reported by Marek Novosad, Ivan Buchta on August 28, 2015

UNIT: Marek Novosad, Ivan Buchta, Environment Research & Development
TO: Arma 3 Content Creators (Map-Makers)
OPSUM: Community terrain makers are getting the opportunity to speed up their work with Terrain Processor, our little proprietary tool allowing the use of geographic data to quickly populate large terrains with basic content


Terrains have always been the centerpiece of Arma games. Creating believable and authentic environments for an immersive experience has been one of our top priorities since the days of Cold War Crisis, and our Environment designers have been using a variety of tools to do so. However, one puzzle piece was missing in our Arma 3 Tools suite. In the past months, our programmers have been working hard to get it into shape for public release, and now the gap has finally been filled with the recently released: Terrain Processor.

The tool we are presenting to you has been around in Bohemia Interactive for some time, as well as the main ideas behind it. Our passion for authentic terrains in Arma games naturally led us to the usage of aerial photos and satellite imagery as a basis for creating past Arma environments. We took this idea further and thought of how to use the available geographic data (which you can see for example in a topographic map) to swiftly build huge terrains from several kilobytes of vectors. During the development of Sahrani, we achieved a prototype capable of filling objects into areas, and there's one terribly dense forest on Sahrani as a concealed monument of our initial experiments. You can also see the results of this tool on good old Chernarus, including its DayZ upgrade, plus the core jungles and mangroves of the upcoming Tanoa terrain were also produced using Terrain Processor.

In summary, our world editor, Terrain Builder, has been created with geo-data usage in mind, and the Terrain Processor is a supplement created to fill the gap between geographic data and our proprietary terrain editing pipelines.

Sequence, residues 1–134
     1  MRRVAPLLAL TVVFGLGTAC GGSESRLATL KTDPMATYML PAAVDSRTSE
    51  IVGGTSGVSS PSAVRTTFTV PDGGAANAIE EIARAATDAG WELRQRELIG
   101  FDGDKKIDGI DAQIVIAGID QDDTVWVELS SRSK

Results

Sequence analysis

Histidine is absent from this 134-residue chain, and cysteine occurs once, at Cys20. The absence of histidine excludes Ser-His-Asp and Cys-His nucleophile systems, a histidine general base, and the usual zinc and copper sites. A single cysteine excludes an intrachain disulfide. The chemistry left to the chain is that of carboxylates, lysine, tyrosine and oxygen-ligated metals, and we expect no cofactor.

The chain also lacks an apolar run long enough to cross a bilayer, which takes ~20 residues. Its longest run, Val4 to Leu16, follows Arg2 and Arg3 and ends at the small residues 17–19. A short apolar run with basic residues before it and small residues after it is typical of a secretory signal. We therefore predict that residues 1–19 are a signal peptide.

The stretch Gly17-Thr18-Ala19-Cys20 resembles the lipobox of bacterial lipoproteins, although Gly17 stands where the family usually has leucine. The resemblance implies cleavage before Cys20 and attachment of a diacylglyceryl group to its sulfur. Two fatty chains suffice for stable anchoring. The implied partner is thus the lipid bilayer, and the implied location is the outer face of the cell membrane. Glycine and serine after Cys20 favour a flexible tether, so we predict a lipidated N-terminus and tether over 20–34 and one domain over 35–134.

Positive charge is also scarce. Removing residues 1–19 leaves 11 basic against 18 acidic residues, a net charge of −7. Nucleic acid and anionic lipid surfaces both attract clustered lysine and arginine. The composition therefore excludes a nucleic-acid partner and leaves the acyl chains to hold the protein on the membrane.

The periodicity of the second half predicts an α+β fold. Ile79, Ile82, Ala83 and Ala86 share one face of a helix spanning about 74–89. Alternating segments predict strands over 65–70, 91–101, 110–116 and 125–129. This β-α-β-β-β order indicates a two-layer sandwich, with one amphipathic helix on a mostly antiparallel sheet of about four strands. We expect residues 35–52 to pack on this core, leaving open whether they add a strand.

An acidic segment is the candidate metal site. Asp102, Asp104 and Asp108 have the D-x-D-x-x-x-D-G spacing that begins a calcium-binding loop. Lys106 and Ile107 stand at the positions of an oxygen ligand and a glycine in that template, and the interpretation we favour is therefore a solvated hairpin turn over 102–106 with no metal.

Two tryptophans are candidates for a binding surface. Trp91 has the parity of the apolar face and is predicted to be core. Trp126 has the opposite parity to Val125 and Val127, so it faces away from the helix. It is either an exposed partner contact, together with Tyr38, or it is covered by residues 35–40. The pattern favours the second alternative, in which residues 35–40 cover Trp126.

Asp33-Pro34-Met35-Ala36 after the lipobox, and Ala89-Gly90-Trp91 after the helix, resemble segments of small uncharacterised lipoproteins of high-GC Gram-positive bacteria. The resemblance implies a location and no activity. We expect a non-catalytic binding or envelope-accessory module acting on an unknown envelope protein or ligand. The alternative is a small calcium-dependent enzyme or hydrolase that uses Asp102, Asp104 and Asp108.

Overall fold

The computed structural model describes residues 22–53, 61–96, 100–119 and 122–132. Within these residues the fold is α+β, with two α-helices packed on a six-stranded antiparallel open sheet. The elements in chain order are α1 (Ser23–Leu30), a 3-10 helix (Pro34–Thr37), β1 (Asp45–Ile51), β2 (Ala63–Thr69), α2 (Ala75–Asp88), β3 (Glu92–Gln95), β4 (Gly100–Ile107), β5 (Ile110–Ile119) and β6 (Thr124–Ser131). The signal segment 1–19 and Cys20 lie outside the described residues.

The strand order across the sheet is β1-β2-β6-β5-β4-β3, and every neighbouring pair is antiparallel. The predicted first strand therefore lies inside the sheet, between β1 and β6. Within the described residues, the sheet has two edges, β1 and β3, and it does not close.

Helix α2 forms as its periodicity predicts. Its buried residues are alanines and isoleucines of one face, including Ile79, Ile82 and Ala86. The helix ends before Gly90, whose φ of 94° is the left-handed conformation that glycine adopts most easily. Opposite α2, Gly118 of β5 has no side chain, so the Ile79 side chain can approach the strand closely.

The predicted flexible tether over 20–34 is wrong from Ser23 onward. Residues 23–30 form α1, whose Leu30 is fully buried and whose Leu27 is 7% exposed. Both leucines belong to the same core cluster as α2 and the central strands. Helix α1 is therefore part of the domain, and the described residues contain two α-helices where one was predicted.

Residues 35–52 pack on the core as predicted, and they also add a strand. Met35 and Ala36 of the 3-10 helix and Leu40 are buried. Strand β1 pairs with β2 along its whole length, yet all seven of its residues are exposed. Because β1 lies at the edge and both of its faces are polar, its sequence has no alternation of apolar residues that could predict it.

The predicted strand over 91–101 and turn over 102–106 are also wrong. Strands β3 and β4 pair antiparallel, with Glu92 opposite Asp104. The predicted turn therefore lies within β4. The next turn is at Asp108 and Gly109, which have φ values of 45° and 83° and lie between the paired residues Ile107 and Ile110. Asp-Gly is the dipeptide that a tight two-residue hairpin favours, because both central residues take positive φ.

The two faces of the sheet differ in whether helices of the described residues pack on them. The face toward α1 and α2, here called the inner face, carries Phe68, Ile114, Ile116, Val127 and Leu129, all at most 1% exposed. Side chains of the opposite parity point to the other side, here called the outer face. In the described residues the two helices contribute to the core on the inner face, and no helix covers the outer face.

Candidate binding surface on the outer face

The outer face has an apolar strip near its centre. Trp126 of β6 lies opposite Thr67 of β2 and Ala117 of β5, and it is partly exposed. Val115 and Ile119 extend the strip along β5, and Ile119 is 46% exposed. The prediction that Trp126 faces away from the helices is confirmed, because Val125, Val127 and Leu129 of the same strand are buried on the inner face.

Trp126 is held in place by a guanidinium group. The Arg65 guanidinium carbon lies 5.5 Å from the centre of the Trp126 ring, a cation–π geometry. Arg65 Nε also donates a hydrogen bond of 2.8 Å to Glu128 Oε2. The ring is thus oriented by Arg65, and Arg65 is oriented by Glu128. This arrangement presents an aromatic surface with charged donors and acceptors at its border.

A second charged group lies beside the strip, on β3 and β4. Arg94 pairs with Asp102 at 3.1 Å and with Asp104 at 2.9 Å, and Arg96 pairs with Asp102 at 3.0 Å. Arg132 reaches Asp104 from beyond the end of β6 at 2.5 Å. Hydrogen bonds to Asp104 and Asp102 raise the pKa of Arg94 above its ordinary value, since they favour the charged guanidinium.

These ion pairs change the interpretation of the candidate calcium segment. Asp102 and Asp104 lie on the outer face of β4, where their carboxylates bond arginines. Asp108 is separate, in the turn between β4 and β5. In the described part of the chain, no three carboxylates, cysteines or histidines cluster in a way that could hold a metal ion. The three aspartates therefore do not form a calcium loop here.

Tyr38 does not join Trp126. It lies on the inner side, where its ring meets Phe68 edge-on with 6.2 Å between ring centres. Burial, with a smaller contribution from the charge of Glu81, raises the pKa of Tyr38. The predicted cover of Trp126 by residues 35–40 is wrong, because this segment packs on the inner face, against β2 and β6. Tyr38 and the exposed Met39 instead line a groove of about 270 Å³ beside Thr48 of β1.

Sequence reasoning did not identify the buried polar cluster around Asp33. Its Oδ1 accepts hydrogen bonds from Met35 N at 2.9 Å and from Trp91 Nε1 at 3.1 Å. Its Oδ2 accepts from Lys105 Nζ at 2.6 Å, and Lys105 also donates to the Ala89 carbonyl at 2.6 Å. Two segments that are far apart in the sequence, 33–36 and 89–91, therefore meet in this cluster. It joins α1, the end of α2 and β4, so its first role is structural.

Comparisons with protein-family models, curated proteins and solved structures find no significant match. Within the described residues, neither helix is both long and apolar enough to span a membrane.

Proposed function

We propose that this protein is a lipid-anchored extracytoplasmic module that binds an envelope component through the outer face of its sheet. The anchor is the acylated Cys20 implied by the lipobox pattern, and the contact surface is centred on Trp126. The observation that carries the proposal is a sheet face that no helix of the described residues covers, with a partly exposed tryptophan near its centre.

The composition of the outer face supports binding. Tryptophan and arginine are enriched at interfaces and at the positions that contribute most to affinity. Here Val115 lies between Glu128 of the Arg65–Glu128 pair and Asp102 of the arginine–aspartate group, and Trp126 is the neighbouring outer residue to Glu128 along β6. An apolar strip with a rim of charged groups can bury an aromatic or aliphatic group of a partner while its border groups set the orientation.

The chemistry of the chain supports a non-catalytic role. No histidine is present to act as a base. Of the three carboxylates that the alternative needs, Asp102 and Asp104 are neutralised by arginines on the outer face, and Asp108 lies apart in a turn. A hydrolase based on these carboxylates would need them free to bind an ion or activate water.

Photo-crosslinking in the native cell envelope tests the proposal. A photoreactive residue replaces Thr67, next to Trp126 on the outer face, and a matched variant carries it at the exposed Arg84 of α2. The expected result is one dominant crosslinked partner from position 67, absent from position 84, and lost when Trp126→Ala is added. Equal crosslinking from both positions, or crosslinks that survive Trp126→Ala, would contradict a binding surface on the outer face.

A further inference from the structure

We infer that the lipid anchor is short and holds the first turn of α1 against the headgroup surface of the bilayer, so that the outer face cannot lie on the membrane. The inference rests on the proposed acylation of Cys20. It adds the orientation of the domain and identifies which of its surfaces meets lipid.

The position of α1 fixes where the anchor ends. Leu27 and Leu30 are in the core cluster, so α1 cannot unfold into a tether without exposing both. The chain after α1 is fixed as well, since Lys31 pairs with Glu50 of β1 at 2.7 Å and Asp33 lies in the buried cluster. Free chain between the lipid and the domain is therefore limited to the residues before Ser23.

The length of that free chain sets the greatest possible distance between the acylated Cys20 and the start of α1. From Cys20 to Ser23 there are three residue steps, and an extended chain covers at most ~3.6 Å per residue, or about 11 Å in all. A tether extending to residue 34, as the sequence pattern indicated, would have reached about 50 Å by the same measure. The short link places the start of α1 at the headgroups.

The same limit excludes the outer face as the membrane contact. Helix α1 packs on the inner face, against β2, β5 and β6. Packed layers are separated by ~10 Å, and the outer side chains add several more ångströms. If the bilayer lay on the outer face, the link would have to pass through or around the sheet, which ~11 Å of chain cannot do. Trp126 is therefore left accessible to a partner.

The new tool, called Terrain Processor (it 'just' processes geographic data) is part of the Arma 3 Tools suite available on Steam. It comes with a manual and a small example terrain project (Arma 3 Samples\Tools\Terrain_Processor), which will help potential users get acquainted with the purpose and application of the tool, the basic controls, and solutions. The tool uses geographic data in the well-known Shapefile format as reference for placing objects (in form of output texts which can be imported into Terrain Builder), and it can also read and produce Terrain-Builder-compatible ASC terrain meshes. We would like to stress that we're not releasing a new map editor or a cure to all map-designers' ailments, we're giving some of the map-makers a tool which, if used correctly, can speed up the process of populating the map and save them time on terrain polishing. We were capable of creating natural-looking clusters of bushes, tree lines, forests including undergrowth, place power lines, add noise to terrain or level terrain under the Arma 3's vector roads. We were able to place millions of objects in a matter of days (counting in the data preparations and several iteration passes) with very good results, and we believe that those who are diligent, patient and willing to learn, will find a way to create large and detailed Arma worlds a bit easier than before.